Joining us on todays podcast is Felicity Wingrove. Felicity is a leading expert on the applied psychology of language. Felicity will share specific strategies you can use to communicate with anyone, anywhere.

How to stop hating your job -  Dr Kathryn Owler

How to stop hating your job - Dr Kathryn Owler

November 25, 2021

Have you heard of the 'Great Resignation' or the 'Big Quit'? It is an informal name for the widespread trend of a significant number of workers leaving their jobs during the COVID-19 pandemic.

While most news articles are covering the 'Great Resignation' in relation to the United States, the problem is happening on a global level and it is thought to be the result of many different factors, notably employees dissatisfaction with current working conditions and post Covid reassessment of the lack of career and home life integration.  

This month in the United States, according to Guardian 2.9% of the workforce quit their jobs. Nearly 1.2 million jobs were open in the UK in the most recent quarter, with 15 of 18 sectors reporting record numbers.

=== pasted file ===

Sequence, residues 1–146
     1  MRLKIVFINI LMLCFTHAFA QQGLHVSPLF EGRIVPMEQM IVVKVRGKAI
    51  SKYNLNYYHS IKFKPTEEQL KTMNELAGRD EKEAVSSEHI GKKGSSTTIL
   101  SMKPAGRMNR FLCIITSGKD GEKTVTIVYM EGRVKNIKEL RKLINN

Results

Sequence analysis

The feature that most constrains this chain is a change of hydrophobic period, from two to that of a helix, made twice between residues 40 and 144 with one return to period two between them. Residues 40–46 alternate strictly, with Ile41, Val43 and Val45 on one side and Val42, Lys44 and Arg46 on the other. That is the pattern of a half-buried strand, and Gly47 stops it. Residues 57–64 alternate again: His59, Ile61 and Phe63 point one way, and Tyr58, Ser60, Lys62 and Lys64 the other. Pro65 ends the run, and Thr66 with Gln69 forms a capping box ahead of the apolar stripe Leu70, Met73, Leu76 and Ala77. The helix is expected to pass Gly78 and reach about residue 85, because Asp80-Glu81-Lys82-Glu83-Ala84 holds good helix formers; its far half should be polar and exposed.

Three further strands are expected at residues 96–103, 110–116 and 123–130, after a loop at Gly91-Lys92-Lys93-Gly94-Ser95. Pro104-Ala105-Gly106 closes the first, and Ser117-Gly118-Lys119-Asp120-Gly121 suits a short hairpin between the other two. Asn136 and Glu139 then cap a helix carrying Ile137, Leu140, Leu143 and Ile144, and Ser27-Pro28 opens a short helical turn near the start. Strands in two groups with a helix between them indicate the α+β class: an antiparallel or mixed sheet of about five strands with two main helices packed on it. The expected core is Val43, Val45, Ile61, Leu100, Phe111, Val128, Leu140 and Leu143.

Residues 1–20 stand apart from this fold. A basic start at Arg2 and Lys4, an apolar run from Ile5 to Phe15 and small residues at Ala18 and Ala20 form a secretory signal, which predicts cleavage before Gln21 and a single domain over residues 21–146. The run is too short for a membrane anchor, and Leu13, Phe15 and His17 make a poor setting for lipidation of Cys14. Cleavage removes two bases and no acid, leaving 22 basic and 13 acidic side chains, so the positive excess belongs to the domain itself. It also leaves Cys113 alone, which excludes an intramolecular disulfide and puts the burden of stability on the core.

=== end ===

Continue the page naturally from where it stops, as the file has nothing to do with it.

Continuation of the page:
People cite all kinds of reasons for quitting. They want a better work-life balance, they want more challenges, better conditions, more meaning. For employees who are left behind and those who want to make the move but are worried they are trading one job they hate for another it is critical to understand how we can love the jobs we are in.

Joining us on today’s episode is Dr Kathryn Owler, a happiness at workplace coach, who will share her research findings and advice for how to enjoy your job and have a meaningful career.

How to move from being a bystander to an upstander  – Rohit Bhargava and Jennifer Brown

How to move from being a bystander to an upstander – Rohit Bhargava and Jennifer Brown

November 18, 2021